‘Pay as You Go’ Takes a Holiday
Despite a heavy battering in recent weeks, House Democrats assert pay-as-you-go budget rules aren’t dead. Just resting up for the duration of the 110th Congress.
“PAYGO is not dead over here,” House Majority Leader Steny Hoyer (D-Md.) pledged Monday. “We’re going to be fighting to adhere to PAYGO premise and policy.”
Nonetheless, that vow comes as the House is expected today to shelve PAYGO rules — a cornerstone of the majority’s push for fiscal responsibility that require any spending increases to be offset through comparable cuts or tax increases — to pass its first major initiative of the year, an approximately $150 billion economic stimulus measure.
That decision follows on the heels of a hard-fought loss in late December to the Senate over applying House spending rules to the alternative minimum tax relief package. Despite several House attempts to invoke PAYGO, Senate opposition ultimately forced the chamber into accepting an “unfunded” tax-cut package.
Given recent events, Rep. Paul Ryan (R-Wis.), ranking member of the Budget Committee, asserted the PAYGO rules were effectively dead. “PAYGO is dead and they can hear the crickets,” Ryan said.
But Democratic lawmakers, as well as balanced-budget advocates, assert the back-to-back denials of spending rules are not comparable incidents, much less indicative of the legislative year ahead.
“We did not have votes in the Senate” for offsetting AMT, Hoyer said. “Stimulus really is a different animal. To stimulate and depress at the same time is not rational.”
Hoyer later added that lawmakers have not ruled out future offsets for the stimulus package either. “Over the longer term we should pay for the stimulus,” he said.
Even fiscally conservative Democratic Blue Dogs appear to have acquiesced in negotiations over the stimulus measure. Rep. Mike Ross (D-Ark.), a Blue Dog co-chairman, asserted that PAYGO rules influenced negotiations on the bill.
“The fact that it’s temporary and targeted offsets the fact that it is not paid for,” Ross said. “Hopefully it will be paid for at some point in the future. Perhaps when the economy turns around.”
But several Blue Dog Democrats have openly questioned Congress’ will to revisit the measure at a later date rather than include long-term offsets in its current version.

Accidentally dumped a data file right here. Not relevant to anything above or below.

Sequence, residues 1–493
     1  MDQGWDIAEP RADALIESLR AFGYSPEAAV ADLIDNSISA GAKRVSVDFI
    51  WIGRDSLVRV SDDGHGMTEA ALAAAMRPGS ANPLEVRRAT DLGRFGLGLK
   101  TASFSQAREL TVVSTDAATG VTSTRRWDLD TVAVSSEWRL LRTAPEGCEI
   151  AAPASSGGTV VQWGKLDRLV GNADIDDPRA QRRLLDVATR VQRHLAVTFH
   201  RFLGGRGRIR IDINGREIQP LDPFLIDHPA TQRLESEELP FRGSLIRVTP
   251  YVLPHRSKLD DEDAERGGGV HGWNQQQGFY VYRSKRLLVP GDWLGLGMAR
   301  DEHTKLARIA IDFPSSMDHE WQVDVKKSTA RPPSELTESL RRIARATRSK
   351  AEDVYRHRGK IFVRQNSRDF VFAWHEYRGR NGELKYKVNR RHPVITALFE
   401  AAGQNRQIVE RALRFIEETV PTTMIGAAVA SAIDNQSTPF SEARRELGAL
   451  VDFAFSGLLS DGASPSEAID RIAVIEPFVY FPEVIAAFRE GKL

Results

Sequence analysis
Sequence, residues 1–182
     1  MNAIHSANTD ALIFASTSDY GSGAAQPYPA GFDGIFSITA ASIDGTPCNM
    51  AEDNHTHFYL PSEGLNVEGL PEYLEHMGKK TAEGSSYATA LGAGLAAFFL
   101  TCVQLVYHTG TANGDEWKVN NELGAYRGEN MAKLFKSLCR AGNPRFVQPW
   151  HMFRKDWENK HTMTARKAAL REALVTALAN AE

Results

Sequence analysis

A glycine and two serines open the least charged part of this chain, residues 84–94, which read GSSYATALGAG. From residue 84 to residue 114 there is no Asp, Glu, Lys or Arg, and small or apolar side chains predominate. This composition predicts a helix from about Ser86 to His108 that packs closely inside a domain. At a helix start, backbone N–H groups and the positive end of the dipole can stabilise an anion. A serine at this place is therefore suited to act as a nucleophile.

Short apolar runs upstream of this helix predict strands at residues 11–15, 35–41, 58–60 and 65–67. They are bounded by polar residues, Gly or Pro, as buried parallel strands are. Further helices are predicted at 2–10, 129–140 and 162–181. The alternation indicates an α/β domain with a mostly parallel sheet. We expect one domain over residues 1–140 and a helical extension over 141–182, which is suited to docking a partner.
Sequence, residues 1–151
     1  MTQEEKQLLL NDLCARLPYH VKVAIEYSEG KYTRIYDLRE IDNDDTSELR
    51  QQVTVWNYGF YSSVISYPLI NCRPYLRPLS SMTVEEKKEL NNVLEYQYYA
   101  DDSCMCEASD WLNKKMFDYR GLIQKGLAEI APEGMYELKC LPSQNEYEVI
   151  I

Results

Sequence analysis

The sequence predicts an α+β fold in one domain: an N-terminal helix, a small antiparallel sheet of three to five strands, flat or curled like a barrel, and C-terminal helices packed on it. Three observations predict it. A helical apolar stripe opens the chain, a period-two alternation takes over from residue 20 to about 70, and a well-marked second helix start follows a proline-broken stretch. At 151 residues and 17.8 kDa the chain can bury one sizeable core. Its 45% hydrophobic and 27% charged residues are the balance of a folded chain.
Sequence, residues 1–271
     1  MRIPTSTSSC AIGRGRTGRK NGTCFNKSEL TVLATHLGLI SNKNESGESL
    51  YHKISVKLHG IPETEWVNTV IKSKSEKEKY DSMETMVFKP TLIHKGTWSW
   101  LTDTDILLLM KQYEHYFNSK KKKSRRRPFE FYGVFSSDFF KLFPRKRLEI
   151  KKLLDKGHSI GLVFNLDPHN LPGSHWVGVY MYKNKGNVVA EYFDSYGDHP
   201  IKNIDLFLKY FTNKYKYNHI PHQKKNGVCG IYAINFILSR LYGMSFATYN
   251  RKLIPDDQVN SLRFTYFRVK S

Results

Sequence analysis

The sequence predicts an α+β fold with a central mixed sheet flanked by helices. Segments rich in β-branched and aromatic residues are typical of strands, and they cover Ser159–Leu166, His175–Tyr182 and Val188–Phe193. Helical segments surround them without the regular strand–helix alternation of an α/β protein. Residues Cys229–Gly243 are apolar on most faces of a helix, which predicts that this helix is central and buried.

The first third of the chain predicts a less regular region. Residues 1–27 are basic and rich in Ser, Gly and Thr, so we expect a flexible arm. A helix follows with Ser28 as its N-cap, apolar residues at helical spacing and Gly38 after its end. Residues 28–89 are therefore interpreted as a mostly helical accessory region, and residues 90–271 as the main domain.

In fact, senior Democrats proposed a similar structure to address the AMT fix in late December after failing to win Senate support for their version of the legislation, but Hoyer squelched that possibility Monday, stating that the House would not revisit that measure.
“Not at this point in time,” Hoyer acknowledged. “We need to get through this  budget.”
Rep. Jim Cooper (Tenn.), a fiscally conservative Blue Dog Democrat who has been disappointed that Democrats haven’t worked harder to cut spending, predicted Democrats would be embarrassed back into PAYGO fidelity.
“It’s premature to write the obituary on PAYGO,” Cooper said. “If we abandon PAYGO after all the speeches and all the hard work then we are abandoning one of the fundamentals of governing.”
Still, Cooper questioned the benefits of borrowing money for the stimulus package.
“Is it a stimulus to borrow money from China to give people rebate checks so they can buy products from China at Wal-Mart? Sooner or later we’re going to have to pay for this.”
Robert Bixby, executive director of the nonpartisan Concord Coalition, which advocates for balanced budgets, predicted obstacles for PAYGO, but suggested it would emerge intact in the 110th Congress.
“I think it’s important for the leadership to make it clear that they still have a firm commitment to PAYGO, and so long as they do, and Members understand that, PAYGO will hold,” Bixby said. “I do think PAYGO will be tested, but it ain’t dead.”
Even those Democrats who have criticized the majority’s adoption of the spending rules — asserting that PAYGO has enfeebled Democratic initiatives in favor of addressing a deficit created under the Republican majority — allow that the spending rules aren’t yet a smoldering ruin.
“We shot ourselves in our own feet by forcing ourselves to live within these rules,” said one senior Democratic aide, who asked not to be identified. “My boss has to compromise his values every time he has to vote for something that doesn’t increase spending to levels we know are needed.”
But the aide added: “We’re not going to waive it on every bill. These are two very unique situations. You can only bend so much.”
Steven T. Dennis contributed to this report.